For tissue damage, 0 points were assigned to no mucosal damage; 1 point to discrete lymphoepithelial lesions; 2 points to surface mucosal erosion or focal ulceration; and 3 points to extensive mucosal damage and extension into deeper structures of the bowel wall. The cumulative degree of these parameters was calculated as a total histological score ranging from 0 (no changes) to 6 (extensive cell infiltration and tissue damage). For crypt abscess, the assigned points were; 0, to no crypt abscess; 1, to the presence of crypt abscess. For CAC assessment, sections (5 µm) were cut stepwise (200 µm) through the complete block and stained with H-E. Tumor numbers were counted by trained individuals blinded to the treatment group.

Western Blotting

Western blotting was performed as previously described [18], [19]. Briefly, 10 to 100 µg of nucleic extracts or whole protein lysates from either the stripped epithelial samples or MOC1 cells were separated by 8–15% SDS-PAGE and each protein expressions were analyzed with following primary and secondary Abs: anti-mouse TNFR1 polyclonal Ab (pAb), anti-mouse TNFR2 pAb (R&D Systems, Minneapolis, MN), anti-phosphorylated (p)-p65 mAb at serine 536, anti-p65 pAb, anti-p-IκBα mAb at serine 32/36, anti-IκBα pAb, anti-p-MLC pAb, anti-MLC pAb (Cell Signaling Technology Inc, Beverly, MA), anti-MLCK mAb, anti-β-actin mAb (Sigma), anti-mouse IgG-HRP, anti-rabbit IgG-HRP (GE Healthcare Bio-Sciences, Piscataway, NJ) and anti-goat IgG-HRP (Santa Cruz). Signals were generated with ECL Western Blotting Detection System (GE Healthcare Bio-Sciences).

Semi-quantitative PCR (q-PCR)

Total cellular RNA was extracted from either whole colonic mucosa, isolated epithelial samples of non-tumor or tumor area removed from AOM/DSS-treated mice, or cultured MOC1 cells with RNA-Bee (Tel-Test, Inc, Friendswood, TX). Five micrograms of total RNA were subjected to reverse transcription using Superscript Reverse Transcriptase kit (Invitrogen, Carlsbad, CA). The cDNA samples were then applied for PCR with the following primer pairs: interleukin (IL)-1β, 5′-TTG ACG GAC CCA AAA GAT-3′ and 5′-GAA GCT GGA TGC TCT CAT CTG-3′; IL-6, 5′-GCT ACC AAA CTG GAT ATA ATC GGA-3′ and 5′-CCA GGT AGC TAT GGT ACT CCA GAA-3′; macrophage inflammatory protein (MIP)-2, 5′-AAA ATC ATC CAA AAG ATA CTG AAC AA-3′ and 5′-CTT TGG TTC TTC CGT TGA GG-3′; IFN-γ, 5′-CGA CTC CTT TTC CGC TTC CTG AG-3′ and 5′-TGA ACG CTA CAC ACT GCA TCT TGG-3′; TNF, 5′-GCC ATG AGG TCC ACC ACC CTG-3′ and 5′-CTA CTG GCG CTG CCA AGG CTG T-3′; glyceraldehyde-3-phosphate dehydrogenase (G3PDH), 5′-CTA CTG GCG CTG CCA AGG CAG T-3′ and 5′-GCC ATG AGG TCC ACC ACC CTG-3′, respectively. Real time PCR was performed with QuantiTect SYBER green PCR kit (Qiagen, Venio, Netherlands) using an ABI7500 real-time PCR system and 7500 system SDS software (Applied Biosystems, Foster City, CA). mRNA was shown as the relative amount normalized to that of G3PDH.

Small Interfering (si) RNA Transfection

MOC1 cells were transfected by lipofection (Lipofectamine RNAi MAX, Invitrogen, Carlsbad, CA) with the siRNA oligomers against either mouse MLCK (Mm Mylk 9988, Sigma), TNFR1 (MSS212008), TNFR2 (MSS238548) or non-targeting control (12935-112, Invitrogen) and incubated at a density of 5×104 cells/ml in OPTI-MEM (Invitrogen) for 48 h.

Transmission Electron Microscopy (TEM)

TEM was performed as previously described [20]. Briefly, colonic tissues from AOM/DSS-treated mice or MOC1 cells that were seeded on the Cell Disk® (Sumitomo, Tokyo, Japan) were fixed with 2.5% glutaraldehyde in 0.1 M phosphate buffer (PB) for 2 h. The samples were washed with 0.1 M PB, post-fixed in 1.0% OsO4 buffered with 0.1 M PB for 2 h, dehydrated in a graded series of ethanol and embedded in Epon-812. Semi-thin sections were cut at 1 µm and stained with toluidine blue. Ultrathin sections, 90 nm, were collected on copper grids, double-stained with uranyl acetate and lead citrate, and then observed using transmission electron microscopy (H-7100, Hitachi, Hitachinaka, Japan).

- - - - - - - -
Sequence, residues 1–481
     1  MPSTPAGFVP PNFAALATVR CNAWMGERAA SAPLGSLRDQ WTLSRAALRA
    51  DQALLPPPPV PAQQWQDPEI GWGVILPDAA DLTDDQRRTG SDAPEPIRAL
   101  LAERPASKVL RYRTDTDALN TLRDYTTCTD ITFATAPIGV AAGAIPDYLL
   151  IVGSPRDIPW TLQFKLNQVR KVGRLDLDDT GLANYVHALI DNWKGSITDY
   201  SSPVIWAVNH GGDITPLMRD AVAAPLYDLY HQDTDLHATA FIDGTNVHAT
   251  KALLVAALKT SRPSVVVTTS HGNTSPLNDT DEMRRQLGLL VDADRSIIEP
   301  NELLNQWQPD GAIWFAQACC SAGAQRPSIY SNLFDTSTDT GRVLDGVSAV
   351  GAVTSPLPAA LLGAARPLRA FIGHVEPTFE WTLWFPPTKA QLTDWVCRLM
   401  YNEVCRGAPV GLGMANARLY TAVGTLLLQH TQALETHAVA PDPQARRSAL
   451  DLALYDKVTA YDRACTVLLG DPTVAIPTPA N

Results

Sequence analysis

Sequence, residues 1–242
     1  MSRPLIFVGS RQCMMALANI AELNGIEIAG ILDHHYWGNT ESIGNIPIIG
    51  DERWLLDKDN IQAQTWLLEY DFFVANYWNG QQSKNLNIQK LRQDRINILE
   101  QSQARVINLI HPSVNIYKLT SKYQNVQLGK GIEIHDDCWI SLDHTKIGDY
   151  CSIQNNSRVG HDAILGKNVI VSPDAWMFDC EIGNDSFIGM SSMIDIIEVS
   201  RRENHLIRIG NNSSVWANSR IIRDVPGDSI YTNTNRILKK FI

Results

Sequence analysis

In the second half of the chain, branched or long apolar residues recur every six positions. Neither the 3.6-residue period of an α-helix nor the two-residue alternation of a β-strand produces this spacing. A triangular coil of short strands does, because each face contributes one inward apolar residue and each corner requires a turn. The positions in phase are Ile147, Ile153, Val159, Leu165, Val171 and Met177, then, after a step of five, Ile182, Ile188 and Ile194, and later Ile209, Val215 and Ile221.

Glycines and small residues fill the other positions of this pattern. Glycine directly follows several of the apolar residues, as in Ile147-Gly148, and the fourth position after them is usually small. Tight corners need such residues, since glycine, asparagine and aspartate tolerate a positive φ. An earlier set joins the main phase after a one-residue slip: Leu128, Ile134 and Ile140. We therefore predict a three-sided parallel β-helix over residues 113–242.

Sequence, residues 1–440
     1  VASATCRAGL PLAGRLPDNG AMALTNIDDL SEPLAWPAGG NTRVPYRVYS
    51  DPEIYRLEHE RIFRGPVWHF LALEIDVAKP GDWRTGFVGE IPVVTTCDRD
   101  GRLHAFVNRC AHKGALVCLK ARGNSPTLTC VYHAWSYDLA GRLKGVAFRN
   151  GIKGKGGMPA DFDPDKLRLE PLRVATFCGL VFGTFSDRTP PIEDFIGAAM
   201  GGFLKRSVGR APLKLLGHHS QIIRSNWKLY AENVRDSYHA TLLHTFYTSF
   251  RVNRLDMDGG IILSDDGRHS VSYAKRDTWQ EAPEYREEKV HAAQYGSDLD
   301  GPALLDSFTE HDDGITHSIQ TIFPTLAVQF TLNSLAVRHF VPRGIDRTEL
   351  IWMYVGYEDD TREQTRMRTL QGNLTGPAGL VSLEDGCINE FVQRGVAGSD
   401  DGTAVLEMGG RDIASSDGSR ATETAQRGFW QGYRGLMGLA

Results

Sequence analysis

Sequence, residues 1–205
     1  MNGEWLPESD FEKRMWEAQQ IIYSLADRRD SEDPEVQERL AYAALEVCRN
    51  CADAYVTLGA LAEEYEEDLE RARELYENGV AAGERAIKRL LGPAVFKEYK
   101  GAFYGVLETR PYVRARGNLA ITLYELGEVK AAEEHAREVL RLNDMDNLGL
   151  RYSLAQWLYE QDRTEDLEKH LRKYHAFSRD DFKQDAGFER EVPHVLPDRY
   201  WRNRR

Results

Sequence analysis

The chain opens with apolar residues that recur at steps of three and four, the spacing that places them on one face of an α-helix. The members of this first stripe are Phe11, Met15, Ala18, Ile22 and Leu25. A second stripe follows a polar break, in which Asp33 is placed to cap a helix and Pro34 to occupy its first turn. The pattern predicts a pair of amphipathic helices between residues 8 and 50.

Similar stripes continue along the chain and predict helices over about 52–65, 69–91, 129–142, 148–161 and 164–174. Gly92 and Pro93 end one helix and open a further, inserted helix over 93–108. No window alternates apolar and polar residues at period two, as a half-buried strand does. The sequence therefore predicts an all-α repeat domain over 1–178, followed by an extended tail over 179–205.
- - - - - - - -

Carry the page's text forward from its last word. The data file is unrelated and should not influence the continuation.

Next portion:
Statistical Analysis

The results are expressed as the mean ± standard error of the mean (SEM). Statistical significance was determined using non-parametric Mann-Whitney U-test, and differences were considered to be statistically significant with p<0.05.

Results

Secretion of Cytokines that Support Tumor Growth is Associated with Epithelial MLCK Expression in the CAC Model

We previously observed that cytokines such as IL-1β, IL-6 and MIP-2 were up-regulated in an animal model of colitis [6]. This suggested that these factors may be essential for tumor development since each had been reported to support tumor growth in such model [21], [22], [23], [24]. However, it was unclear if these cytokines could be substantially up-regulated in the setting of CAC. In addition, it was also unclear if such elevated cytokines were mainly produced from the epithelia, since intestinal epithelial cells had been reported to be capable of expressing these molecules [25], [26], [27], [28]. Therefore we first assessed the expression levels of these cytokines in the mucosal tissues and the isolated epithelial cells in an animal model of CAC. Wild type C57BL/6 mice were administered AOM, then treated three times with DSS to induce chronic colitis and CAC. As seen in Fig. 1A, q-PCR revealed significant up-regulation of IL-1β, IL-6 and MIP-2 in the inflamed colonic tissues when compared to the control mice. Associated with this, significant up-regulations of pro-inflammatory cytokines, such as IFN-γ and TNF, were also observed as seen in Fig. 1B. In addition, the expressions of all of these cytokines were further up-regulated in the area of tumors compared to non-tumor area. Moreover, q-PCR also indicated that these cytokines were not much expressed by the epithelial cells (Fig. 1A and B). These results imply that such increase of these cytokines are presumably produced by infiltrating cells in the tissues such as granulocytes and macrophages and may be required for the progression of CAC.